On 1st December the Birkbeck Sport Business Centre offered a special evening of discussion and debates about the inclusion for people from the lesbian, gay, bi-sexual and transgender (LGB&T) communities in the football field. The panel saw professional football figures arguing about how this sport takes its next steps on to be the game that is truly ‘for everyone’.
The event began with a brief presentation by Dr. Andy Harvey from Birkbeck, who introduced the argument and all senior figures who took part. The first who joined the debate was Roisin Wood, Chief Executive of the independent campaigning organization Kick it Out. The core aim of the organization is to tackle all forms of discrimination and in the meantime working with the football authorities, professional clubs, players, fans and communities to avoid this. She stressed how is important to report any kind of discrimination incidents and abusive language. For this reason, Kick It Out has just launched a new mobile app that allows fans to report that. They also are working with the Gay Football Supporters Network (GFSN) and promote an important programme called “Fans for diversity” with the purpose of support LGB&T fans groups and their facilities.
The seminar also involved an ex English professional footballer, Bobby Barnes, who now is Deputy Chief Executive of the Professional Footballers Association (PFA). Starting to talk about campaigns against racism, he highlighted that often the best people who promote the LGB&T community are those who realized that discrimination is wrong by own reflections. However, Barnes emphasized that work needs to be done, for this reason the PFA will run education sessions around these themes, underling also that ‘Football should be open to all, is the people’ sport.’
Promoter of this philosophy is also Arsenal F. C. Communications Director Mark Gonnella who based his speech on how it is important promoting values and actions as a first class club. He noted that the only thing essential in football is the ability and the wish to perform in a club ‘Passports, race, sexuality or any other characteristic are unimportant in building a team.‘ Gonnella was keen to promote the ‘Arsenal way’ and the born of some campaigns as ‘Arsenal for everyone’. However, he added: ‘One of the thing I am more proud about was the conversation with one gay supporter in order to set up a group,’ he said. ‘Go on and do it, I told him. I have the responsibility to encourage them as club.’ The group, formed two years ago, grew up quickly (at present over 200 members) and had good responses from fans around the world. ‘Football has to open doors in any kind of support. From Arsenal point of view we know, we support,’ he concluded.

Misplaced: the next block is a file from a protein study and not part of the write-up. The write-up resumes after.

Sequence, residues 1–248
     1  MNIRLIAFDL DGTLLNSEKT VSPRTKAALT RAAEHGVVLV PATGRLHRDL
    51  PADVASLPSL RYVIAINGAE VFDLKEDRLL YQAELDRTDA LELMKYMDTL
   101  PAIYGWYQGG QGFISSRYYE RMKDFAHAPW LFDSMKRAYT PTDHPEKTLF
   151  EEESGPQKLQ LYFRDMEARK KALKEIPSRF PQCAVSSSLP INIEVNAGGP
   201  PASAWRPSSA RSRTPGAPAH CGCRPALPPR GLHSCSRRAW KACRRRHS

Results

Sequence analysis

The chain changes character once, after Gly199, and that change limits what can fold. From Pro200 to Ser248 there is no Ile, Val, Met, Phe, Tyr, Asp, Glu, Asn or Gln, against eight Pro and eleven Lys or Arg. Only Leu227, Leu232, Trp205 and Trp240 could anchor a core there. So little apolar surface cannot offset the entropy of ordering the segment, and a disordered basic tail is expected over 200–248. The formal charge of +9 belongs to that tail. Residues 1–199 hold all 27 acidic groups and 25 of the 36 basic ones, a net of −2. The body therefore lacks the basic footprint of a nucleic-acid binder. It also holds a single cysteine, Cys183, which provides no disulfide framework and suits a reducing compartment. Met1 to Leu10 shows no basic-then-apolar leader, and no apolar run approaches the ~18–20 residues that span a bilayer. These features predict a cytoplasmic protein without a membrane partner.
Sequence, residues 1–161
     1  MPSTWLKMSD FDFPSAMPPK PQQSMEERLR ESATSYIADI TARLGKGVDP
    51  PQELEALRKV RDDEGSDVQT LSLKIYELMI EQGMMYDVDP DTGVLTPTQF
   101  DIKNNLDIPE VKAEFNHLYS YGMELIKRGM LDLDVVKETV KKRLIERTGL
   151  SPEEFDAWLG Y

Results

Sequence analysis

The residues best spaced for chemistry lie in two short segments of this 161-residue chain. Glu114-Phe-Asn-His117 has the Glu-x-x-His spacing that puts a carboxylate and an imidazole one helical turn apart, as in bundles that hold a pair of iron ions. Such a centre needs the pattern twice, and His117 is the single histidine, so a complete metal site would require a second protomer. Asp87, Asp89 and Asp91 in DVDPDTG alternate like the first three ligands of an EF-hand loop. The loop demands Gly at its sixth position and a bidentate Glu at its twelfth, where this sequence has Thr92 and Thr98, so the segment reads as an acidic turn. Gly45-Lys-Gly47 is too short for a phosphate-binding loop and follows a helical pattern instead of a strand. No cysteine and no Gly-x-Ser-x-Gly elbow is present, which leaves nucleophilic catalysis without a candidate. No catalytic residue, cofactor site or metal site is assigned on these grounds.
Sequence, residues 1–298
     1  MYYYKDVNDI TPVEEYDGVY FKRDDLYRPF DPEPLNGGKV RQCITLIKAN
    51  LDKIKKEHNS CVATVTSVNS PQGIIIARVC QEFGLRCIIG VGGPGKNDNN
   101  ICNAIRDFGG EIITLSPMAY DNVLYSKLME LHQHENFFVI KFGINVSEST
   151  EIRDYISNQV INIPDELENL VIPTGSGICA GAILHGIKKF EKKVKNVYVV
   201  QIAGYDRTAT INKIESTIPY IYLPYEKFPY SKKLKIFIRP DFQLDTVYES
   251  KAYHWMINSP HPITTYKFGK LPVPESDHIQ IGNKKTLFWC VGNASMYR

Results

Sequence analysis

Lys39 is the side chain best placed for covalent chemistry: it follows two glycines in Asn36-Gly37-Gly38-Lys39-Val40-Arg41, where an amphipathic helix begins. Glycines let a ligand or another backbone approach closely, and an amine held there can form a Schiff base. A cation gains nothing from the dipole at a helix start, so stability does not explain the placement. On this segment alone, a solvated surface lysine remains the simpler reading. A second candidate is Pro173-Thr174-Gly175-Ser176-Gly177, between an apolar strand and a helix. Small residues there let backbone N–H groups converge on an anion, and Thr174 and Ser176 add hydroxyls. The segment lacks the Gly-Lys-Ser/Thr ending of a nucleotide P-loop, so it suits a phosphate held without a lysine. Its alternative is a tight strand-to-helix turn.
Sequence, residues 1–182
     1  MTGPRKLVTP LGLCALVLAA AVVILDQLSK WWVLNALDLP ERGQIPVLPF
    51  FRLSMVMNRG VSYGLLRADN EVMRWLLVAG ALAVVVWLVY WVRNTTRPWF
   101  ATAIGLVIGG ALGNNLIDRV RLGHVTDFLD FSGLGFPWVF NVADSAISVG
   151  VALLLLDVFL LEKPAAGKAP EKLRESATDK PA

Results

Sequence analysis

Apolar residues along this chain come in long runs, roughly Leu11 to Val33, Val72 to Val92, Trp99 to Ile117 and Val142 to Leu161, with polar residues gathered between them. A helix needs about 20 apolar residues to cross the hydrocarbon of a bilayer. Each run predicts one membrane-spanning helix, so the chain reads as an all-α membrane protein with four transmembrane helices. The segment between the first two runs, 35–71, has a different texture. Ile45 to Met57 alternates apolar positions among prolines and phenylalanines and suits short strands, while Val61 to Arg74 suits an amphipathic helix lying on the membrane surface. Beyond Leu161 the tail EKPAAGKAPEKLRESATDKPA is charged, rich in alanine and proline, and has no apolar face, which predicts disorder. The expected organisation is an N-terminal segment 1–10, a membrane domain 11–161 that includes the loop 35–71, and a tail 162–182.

The last guest speaker, before an open debate with all people from the floor, was Kelly Simmons, Director of National Game and Women’s Football for the Football Association (FA). The FA worked next to Kick It Out for important events and will start the ‘Football v Homophobia’ campaign in February, encouraging grass roots clubs to take part in it. Reminding the business sense to not exclude anybody from football, she reported also that football is not only a man’ sport, women’s football is presenting an impressive growth. She stressed the FA’s work in promoting and ensuring LGB&T inclusion at every level, especially organizing workshops for football clubs.
Thus, Dr. Harvey was keen to highlight by his blog how this event could be significant for our university: ‘From a Birkbeck perspective, the evening opens up possible avenues for research, especially into fan cultures and attitudes, as well as in evaluating the plethora of measures that are being taken to promote inclusion across football at every level.’ Overall, the seminar was really interesting, especially underling how much progress has been made and what still need to achieve and ensure more inclusion. Football is for everyone and everyone has to be responsible to tackle discrimination.